New 'infertility molecule' found
Dr. Kirsty Horsey
Progress Educational Trust12 May 2005
Scientists from the US have discovered an 'infertility molecule' that affects whether embryos implant in the womb. Working on mice, the scientists have found that females lacking the molecule, known as a lysophosphatidic acid (LPA) receptor, have difficulty conceiving. The mice produced eggs normally, and these fertilised in the normal way, but did not implant.
Initially, the researchers, from the Scripps Research Institute in La Jolla, California, were studying the role of LPA in the brain. The research team, led by Dr Jerold Chun, bred mice without the gene for the LPA receptor, and noticed that the female mice seemed to have fertility problems. They found that the levels of prostaglandin, a fatty acid essential for the implantation of embryos, appeared to have been affected. The team, who reported their findings in the journal Nature, say that the discovery may help research into human infertility, as women have the same LPA receptors in the womb. The discovery may also potentially lead to new treatments for infertility.
In experiments with the mice that lacked the LPA receptor, Dr Chun's team found that the way embryos were spaced in the womb changed, so that the number of implanted embryos was reduced. Instead of normal implantation, the embryos were clustered, with many sharing the same placenta, leading to litters only half as large as normal. 'When you take away just one fat receptor, named LPA3, it produces a change in the ability of the mouse to properly implant embryos', said Dr Chun. He added: 'That was a surprise, because this particular signalling system had not been on anyone's radar screen in terms of influencing implantation'.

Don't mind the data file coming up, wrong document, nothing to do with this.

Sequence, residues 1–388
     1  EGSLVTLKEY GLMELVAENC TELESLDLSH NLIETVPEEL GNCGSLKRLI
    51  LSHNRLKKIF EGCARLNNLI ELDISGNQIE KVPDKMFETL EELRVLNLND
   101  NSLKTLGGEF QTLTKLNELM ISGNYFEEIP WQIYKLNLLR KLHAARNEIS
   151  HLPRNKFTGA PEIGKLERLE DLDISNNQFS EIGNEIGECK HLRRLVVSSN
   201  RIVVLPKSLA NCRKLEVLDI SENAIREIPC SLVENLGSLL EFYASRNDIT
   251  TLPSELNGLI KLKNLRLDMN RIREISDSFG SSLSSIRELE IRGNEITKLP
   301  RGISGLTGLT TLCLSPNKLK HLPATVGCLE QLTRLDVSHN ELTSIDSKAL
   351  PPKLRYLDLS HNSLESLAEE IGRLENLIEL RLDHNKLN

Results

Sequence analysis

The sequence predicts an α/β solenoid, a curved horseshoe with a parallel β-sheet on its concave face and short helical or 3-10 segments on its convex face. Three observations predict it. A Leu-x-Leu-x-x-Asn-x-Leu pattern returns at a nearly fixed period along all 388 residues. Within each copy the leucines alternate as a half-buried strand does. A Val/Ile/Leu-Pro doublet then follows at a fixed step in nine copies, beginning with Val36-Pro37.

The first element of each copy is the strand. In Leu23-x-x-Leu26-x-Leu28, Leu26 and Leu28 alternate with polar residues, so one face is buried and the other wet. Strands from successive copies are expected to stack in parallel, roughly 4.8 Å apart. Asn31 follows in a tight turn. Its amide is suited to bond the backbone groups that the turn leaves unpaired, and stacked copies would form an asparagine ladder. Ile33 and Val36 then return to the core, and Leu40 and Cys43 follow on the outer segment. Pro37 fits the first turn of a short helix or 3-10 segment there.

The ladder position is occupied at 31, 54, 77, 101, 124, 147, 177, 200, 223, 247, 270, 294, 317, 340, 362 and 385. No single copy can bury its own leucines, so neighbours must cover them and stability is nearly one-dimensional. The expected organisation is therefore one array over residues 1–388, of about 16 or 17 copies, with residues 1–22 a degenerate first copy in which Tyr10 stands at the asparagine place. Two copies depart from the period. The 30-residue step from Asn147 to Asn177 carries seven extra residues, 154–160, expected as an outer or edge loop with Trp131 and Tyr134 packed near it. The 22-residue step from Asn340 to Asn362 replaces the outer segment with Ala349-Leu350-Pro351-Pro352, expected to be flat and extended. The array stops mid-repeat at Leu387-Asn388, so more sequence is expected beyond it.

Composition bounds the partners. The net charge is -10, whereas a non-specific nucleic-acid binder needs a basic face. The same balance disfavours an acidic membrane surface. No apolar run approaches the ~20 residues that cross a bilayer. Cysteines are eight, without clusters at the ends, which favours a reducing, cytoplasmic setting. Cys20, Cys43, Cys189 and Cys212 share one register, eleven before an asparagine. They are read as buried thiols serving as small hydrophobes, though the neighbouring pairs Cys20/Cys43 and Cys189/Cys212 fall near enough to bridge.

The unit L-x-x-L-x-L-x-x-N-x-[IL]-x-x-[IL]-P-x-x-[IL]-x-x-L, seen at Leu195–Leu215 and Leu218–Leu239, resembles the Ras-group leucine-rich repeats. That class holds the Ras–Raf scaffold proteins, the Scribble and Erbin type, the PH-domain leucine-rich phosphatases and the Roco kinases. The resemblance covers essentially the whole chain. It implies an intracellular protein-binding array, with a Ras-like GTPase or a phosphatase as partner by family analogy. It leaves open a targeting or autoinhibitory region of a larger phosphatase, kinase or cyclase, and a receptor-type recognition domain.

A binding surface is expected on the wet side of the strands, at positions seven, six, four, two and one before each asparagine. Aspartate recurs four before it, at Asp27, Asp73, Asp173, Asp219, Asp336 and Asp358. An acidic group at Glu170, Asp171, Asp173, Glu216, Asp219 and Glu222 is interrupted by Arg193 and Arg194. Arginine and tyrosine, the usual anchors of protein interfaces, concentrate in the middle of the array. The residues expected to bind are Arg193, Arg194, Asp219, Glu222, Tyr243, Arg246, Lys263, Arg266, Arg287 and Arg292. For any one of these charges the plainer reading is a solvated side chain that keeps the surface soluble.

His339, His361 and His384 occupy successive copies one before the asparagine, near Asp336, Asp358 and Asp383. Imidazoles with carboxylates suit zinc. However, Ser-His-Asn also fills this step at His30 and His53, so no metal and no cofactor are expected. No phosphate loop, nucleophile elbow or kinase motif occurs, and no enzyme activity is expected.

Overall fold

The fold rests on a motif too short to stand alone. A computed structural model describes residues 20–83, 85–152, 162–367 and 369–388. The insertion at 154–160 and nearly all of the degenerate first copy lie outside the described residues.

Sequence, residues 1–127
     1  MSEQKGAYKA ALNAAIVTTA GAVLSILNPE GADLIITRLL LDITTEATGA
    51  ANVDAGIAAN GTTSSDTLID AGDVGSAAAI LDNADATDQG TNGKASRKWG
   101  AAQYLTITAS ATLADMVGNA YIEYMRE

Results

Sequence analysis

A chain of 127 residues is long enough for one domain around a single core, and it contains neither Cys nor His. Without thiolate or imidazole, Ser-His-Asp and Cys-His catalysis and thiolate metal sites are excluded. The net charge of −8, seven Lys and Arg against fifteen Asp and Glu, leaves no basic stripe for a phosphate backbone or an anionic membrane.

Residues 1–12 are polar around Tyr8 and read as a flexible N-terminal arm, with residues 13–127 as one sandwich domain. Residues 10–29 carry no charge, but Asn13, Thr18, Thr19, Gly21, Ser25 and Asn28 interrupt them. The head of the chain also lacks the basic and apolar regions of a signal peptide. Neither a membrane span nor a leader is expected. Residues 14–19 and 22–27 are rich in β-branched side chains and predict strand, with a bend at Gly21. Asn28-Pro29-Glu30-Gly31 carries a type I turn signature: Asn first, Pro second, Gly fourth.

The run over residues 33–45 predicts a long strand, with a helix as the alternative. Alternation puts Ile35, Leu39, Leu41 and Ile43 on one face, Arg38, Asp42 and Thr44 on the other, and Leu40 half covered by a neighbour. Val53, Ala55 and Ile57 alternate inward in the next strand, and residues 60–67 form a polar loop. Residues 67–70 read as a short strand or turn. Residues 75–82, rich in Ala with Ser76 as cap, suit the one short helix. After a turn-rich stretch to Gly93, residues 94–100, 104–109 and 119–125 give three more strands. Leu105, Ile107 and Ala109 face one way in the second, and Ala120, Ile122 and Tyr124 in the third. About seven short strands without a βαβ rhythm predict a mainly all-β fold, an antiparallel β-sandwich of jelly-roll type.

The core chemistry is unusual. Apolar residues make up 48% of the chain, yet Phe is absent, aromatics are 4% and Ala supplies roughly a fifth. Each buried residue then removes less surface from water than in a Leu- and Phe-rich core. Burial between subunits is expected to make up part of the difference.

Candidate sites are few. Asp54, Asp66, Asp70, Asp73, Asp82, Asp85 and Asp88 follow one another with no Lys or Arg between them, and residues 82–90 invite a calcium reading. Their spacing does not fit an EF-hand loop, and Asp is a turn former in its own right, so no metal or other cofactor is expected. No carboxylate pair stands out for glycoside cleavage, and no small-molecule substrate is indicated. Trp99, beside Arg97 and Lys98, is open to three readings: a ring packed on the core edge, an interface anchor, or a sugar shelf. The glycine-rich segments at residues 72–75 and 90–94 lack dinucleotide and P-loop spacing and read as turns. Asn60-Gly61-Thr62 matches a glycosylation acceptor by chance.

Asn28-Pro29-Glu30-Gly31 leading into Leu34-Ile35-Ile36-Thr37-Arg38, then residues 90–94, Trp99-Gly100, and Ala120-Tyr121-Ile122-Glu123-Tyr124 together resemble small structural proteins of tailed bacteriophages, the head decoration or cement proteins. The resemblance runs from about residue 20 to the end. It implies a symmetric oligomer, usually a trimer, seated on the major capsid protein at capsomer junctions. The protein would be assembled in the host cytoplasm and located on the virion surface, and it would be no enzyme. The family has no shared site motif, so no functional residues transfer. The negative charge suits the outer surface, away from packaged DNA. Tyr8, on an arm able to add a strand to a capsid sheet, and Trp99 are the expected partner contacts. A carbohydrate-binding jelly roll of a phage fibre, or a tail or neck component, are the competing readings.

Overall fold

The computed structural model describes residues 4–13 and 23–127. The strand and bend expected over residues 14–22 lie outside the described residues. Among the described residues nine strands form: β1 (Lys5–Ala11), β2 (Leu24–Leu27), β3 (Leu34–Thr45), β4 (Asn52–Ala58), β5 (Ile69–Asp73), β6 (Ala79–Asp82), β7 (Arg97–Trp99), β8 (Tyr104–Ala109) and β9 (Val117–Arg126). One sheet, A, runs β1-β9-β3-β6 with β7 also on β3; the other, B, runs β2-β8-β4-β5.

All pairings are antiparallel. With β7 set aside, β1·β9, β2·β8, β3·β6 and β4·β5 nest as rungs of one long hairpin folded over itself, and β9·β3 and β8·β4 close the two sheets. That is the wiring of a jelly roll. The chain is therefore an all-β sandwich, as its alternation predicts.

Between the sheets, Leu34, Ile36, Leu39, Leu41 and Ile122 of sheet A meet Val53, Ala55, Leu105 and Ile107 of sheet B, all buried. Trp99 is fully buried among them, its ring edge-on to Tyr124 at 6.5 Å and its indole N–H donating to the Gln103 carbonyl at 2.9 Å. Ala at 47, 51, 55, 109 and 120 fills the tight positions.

Dr Chun went on to say that similar experiments should be done in humans, as the LPA receptor molecule might help to explain why a number of failed implantations occur. In humans, immune system problems or genetic factors might affect LPA, he said, and a drug could be developed to counter this. Dr Jaime Grifo, director of the Division of Reproductive Endocrinology at New York University Medical Centre, said that 'it is not clear how operative it is in producing infertility in normal mice', adding ' the next leap is, is it present in humans in the same way, and does it have the same impact?' However, while he said that the research might explain some failed implantations, he said that in human infertility, 'most of the problems are embryonic, and not implantation problems'. But Dr Hugh Taylor, professor of obstetrics and gynaecology at Yale University School of Medicine, disagreed. 'The major hurdle is the implantation process', he said, adding 'we don't understand it. We can stimulate lots of eggs, we can force eggs to fertilise, but we can't get them to implant'.
Reproduced with permission from BioNews, an email and online sources of news, information and comment on assisted reproduction and genetics.